Mind the Gap – the hidden sadness in the nativity stories

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I’ve been thinking a lot recently about the dark side to Christmas. My friend Andy wrote a very moving article reflecting on what this Christmas would be like for the people of Newtown, Connecticut. I’ve also just read the book Dazzling Darkness by Rachel Mann where she explores what it means to meet God in the darkest moments of life. At my placement church in Leeds there are many people who visit each week to collect food from the foodbank and there are others who have fled their countries and live here in fear. All of this has combined to make me think again about the message of Christmas and what this season of joy might mean to these different people.

When we read the bible, it is sometimes the things that are not said that can be significant. We are fortunate that our gospel writers wrote very intentionally – their versions of the life of Christ and the early Christians weren’t written on the back of an envelope – they were carefully crafted. If you look closely at the nativity accounts in Matthew and Luke there is quite a lot of hidden sadness.

  • In Mary’s ‘yes’ to the message Gabriel brought her, she said ‘yes’ to shame, to ostracism in her community, to the risk of losing Joseph. Imagine for a moment what her pregnancy must have been like for her.
  • Joseph is compelled by the hated occupying forces to take his heavily pregnant fiancee all the way to Bethlehem just for his name to be registered – presumably so that the Romans can leech even more from his people. Joseph, in agreeing to stay with Mary, must have attracted some comments as well from his village – everyone would have assumed he was the father of the child.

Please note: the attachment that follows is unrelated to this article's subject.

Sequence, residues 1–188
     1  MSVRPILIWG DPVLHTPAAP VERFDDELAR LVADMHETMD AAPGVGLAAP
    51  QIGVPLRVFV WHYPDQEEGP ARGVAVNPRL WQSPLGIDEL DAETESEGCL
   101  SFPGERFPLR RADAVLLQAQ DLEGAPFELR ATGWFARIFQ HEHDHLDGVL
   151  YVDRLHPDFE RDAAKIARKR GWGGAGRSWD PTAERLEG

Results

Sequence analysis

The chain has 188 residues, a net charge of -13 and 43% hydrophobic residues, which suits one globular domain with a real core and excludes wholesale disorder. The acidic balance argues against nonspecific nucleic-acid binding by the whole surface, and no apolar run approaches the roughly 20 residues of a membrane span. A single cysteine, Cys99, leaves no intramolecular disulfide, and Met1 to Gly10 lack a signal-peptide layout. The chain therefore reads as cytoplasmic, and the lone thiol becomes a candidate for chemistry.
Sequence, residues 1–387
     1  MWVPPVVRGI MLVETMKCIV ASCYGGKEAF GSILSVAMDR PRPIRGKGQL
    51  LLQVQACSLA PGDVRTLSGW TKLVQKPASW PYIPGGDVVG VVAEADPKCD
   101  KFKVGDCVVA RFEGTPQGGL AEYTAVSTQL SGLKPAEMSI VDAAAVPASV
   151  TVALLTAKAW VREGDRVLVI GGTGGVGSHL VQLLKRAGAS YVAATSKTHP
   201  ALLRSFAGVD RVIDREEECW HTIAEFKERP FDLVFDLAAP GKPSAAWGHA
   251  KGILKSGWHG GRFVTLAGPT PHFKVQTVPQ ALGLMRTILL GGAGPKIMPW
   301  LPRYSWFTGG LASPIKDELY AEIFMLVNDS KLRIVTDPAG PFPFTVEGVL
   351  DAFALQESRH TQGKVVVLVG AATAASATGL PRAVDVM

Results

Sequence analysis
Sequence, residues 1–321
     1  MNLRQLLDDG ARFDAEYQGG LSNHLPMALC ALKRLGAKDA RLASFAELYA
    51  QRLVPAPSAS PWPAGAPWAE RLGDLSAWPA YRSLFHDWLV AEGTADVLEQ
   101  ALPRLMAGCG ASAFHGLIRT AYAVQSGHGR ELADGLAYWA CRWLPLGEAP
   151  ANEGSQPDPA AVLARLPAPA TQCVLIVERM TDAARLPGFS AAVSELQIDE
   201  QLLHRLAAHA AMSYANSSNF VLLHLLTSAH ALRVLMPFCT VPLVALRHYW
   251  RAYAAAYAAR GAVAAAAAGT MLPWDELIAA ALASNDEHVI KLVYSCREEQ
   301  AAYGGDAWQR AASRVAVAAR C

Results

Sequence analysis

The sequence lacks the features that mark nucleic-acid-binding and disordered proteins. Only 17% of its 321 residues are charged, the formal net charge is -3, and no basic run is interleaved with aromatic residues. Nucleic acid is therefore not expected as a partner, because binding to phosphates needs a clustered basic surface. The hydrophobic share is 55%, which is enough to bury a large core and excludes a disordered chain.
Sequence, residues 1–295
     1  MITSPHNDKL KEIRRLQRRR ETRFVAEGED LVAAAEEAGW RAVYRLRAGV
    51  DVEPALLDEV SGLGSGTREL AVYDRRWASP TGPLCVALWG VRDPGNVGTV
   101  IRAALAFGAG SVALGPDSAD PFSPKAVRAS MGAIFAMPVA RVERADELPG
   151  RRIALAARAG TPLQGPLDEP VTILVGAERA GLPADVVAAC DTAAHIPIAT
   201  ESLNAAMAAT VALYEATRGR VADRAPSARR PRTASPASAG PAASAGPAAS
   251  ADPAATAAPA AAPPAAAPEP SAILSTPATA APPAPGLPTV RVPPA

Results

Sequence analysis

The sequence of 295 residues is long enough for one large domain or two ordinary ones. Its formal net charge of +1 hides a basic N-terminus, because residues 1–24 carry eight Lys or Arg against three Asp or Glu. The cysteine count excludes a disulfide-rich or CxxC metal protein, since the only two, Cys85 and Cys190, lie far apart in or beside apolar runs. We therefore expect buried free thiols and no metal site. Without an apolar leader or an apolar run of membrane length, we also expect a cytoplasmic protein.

• The shepherds were the poorest of the poor, on the outskirts of the city being kept there both physically and metaphorically by wider society. What hardship had they encountered in their lives and what would have carried on after they had met Jesus?
  • The wise men had to change all their plans after meeting Jesus, they had to go home by a different, probably dangerous, possibly costly route. What would that journey home for them have been like?
  • As we can see, in amongst all the joy is sadness. In the call of God there is both loss and gain.

    I don’t know if this gives me comfort or not. I guess it does because if it wasn’t there, I don’t think I could believe the story – it wouldn’t feel real.

    I got irritated in Waterstone’s yesterday looking in the so-called Religion section. There, next to the bibles was AC Grayling’s alternative to the bible ‘The Good Book’. A cursory glance at it immediately spoke to me of emptiness. The reason the bible is the ultimate Good Book is because it contains the disturbing reality of human life – not a sanitised version of what we think it ought to be. I think I’d rather have the warts and all version of how God deals with people than someone’s lofty ideas of how life should be. This is the amazing mystery we celebrate at Christmas, that in our confused and often sad lives, Jesus still chooses to come and be present to us, in the dirt, whilst others whisper about the inappropriateness of it all.

    Immanuel. God with us.

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